Monarch butterflies: beautiful poison

Monarch butterflies steal poison from their food and put it in their wings
18 December 2020

Interview with 

Anurag Agrawal, Cornell University


A bottle marked with a skull and crossbones, and the word poison, containing a dark purple liquid


Monarch butterflies are something of an iconic butterfly species - think orange wings with large, regular black stripes and some white dots around the edges. They are famous for migrating en masse from the US and Canada to Southern California and Mexico for the winter. Those colourful wings signal more than just beauty - Monarchs are actually very, very poisonous, if even a human ate enough of them they would get very sick. But unlike most other toxic species, the monarch doesn’t make its own poison, as Phil Sansom found out earlier this year...

Anurag - The monarchs are the quintessential example of a butterfly that gets its poisons from its food. The monarch caterpillar feeds on the milkweed leaves and the milkweed leaves are producing poisons called cardiac glycosides

Phil - Cardiac glycosides, you said?

Anurag - Yeah - they bind to a universal animal enzyme and they stop it from functioning, which is what makes them poisonous to most animals.

Phil - What's the enzyme?

Anurag - The enzyme is the sodium-potassium pump and every animal cell, whether it's our human bodies or an insect’s body, uses this enzyme to shuttle salts across the cell membrane - it's a very critical cellular function. And without that, basically, the cell starts to have either too much salt inside or not enough, which basically causes the system to crash.

Phil - Sounds like a nasty poison!

Anurag - Nasty poison - and very general in the sense that all animals use these pumps so it's going to be very poisonous.

Phil - I just have to ask, you said they were called cardiac though. That means heart, right?

Anurag - Great question yeah. The name cardiac glycoside comes from the fact that these compounds have been used historically in traditional cultures to treat congestive heart failure. There've been several really interesting intersections of societal happenings with cardiac glycosides. And one of them is that Vincent van Gogh, as I assume all the listeners will know, in the last two years of his life and in his paintings, they took a turn. His paintings started having much more yellow, and halos around the lights that are so famous in starry night or in the sunflower paintings. Van Gogh was being treated for epilepsy at the time with extracts of the foxglove plant, which have cardiac glycosides. What we now know is that a side effect of too much of this medicine is yellow vision and seeing halos around bright objects.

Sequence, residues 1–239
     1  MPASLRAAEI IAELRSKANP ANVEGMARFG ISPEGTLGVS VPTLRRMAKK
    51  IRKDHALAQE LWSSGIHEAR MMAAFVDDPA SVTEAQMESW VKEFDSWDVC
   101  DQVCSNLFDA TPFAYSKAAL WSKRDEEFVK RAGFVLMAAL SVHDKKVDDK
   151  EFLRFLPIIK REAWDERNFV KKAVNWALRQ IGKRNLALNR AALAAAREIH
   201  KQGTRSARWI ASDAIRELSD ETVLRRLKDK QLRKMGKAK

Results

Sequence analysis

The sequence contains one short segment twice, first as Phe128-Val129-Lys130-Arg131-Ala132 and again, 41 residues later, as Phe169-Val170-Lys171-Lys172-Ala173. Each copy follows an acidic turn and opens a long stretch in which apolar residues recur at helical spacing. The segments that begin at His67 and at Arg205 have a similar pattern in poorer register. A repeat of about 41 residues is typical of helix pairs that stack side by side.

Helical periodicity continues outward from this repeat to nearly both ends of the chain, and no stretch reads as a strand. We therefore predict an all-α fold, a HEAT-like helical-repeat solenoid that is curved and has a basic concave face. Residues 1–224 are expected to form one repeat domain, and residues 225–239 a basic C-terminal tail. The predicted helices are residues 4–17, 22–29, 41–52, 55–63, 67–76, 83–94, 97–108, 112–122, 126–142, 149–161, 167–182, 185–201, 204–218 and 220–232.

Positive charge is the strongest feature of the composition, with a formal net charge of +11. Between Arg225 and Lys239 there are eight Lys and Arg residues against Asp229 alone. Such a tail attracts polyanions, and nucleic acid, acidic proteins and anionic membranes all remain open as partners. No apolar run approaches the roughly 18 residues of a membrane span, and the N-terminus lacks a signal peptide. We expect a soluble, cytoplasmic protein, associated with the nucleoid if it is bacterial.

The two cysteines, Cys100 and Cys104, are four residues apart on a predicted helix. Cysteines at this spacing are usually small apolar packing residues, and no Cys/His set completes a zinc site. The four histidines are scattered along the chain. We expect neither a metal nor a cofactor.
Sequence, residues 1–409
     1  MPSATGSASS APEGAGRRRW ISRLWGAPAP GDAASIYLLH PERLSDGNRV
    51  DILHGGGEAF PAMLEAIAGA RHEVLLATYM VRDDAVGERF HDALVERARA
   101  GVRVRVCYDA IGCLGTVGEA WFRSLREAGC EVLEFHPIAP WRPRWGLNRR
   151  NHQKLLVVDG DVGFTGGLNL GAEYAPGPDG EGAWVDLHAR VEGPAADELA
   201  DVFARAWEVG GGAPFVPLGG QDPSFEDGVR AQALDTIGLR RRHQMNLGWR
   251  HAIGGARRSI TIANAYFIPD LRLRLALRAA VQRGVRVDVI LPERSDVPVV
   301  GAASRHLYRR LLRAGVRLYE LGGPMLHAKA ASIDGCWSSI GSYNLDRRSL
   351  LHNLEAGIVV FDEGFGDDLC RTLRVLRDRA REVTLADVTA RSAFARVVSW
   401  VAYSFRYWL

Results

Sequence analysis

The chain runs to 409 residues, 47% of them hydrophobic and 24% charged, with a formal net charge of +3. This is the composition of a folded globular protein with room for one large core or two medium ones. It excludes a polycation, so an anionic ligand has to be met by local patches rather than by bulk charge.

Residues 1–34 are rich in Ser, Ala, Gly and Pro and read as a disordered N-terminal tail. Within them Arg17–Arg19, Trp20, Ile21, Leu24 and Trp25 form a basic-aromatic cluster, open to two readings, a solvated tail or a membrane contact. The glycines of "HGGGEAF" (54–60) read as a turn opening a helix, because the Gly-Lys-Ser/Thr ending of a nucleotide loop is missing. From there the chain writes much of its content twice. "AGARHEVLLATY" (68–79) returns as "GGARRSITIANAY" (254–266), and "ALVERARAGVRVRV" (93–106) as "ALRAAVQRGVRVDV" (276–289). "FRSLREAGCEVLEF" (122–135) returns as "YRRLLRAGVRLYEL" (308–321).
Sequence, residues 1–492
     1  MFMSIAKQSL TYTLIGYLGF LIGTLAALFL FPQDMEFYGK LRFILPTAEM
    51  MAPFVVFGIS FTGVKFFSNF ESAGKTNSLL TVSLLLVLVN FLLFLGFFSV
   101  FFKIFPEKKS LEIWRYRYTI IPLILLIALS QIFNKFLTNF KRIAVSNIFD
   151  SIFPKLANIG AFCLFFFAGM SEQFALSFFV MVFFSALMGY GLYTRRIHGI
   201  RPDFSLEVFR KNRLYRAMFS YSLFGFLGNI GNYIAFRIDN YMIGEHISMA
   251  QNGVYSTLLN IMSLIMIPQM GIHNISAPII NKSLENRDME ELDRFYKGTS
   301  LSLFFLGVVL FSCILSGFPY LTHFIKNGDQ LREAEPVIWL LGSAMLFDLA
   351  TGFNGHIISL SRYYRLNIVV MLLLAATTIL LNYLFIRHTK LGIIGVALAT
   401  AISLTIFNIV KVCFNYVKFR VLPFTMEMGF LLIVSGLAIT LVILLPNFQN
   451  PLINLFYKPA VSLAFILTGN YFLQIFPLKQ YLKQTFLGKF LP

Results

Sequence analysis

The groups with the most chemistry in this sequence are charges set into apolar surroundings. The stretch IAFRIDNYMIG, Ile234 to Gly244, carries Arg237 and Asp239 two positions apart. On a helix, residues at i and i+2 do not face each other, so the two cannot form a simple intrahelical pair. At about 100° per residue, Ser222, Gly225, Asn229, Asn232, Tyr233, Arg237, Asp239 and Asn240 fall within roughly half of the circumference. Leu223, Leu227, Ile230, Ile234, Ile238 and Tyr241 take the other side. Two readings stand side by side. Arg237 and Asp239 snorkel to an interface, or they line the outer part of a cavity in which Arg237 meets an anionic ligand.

Phil - That's amazing. Now I assume the monarch butterflies aren't having their cells unable to take salts in and out, and they're not getting their heart conditions treated. How do they not have all this stuff happen to them?

Anurag - The monarch butterfly has three specific mutations that we're aware of in the genes that code for its sodium potassium pump. Quite remarkably, those three single base pair changes alter the physical structure of that pump, making it about 200 times less likely that a cardiac glycoside will bind and stop that pump from functioning.

Phil - But then the butterflies and the caterpillars go beyond that don't they? Because you said that they actually not only get resistant to the poison, but start to use it themselves.

Phil - Absolutely. Yeah. I think one of the most fascinating things about monarch butterflies is they are themselves poisonous and they advertise it with that highly contrasting orange, black and white coloration. The monarch brings those compounds into its body, packs them away in its wings primarily, and that gets used then as the monarch's defense against predators like birds.

Phil - You know, it all sounds like a lot of effort to go through when you could just eat a plant that's not poisonous.

Anurag - No question - it's a lot of effort! But one of the consequences is you've got that resource largely to yourself. You know, one of the axioms in nature is that specialisation is beneficial. A jack of all trades is master of none. But we can't really think of it just as the Monarch butterfly deciding to specialise in eating the milkweed. What really more likely happened is that the monarch butterfly ancestor made initial steps towards feeding and specialising on milkweed. In response to that, the milkweed reciprocally evolved a host of defences to try to push the monarchs away. We call that coevolution when two species are going back and forth, evolving in response to each other.


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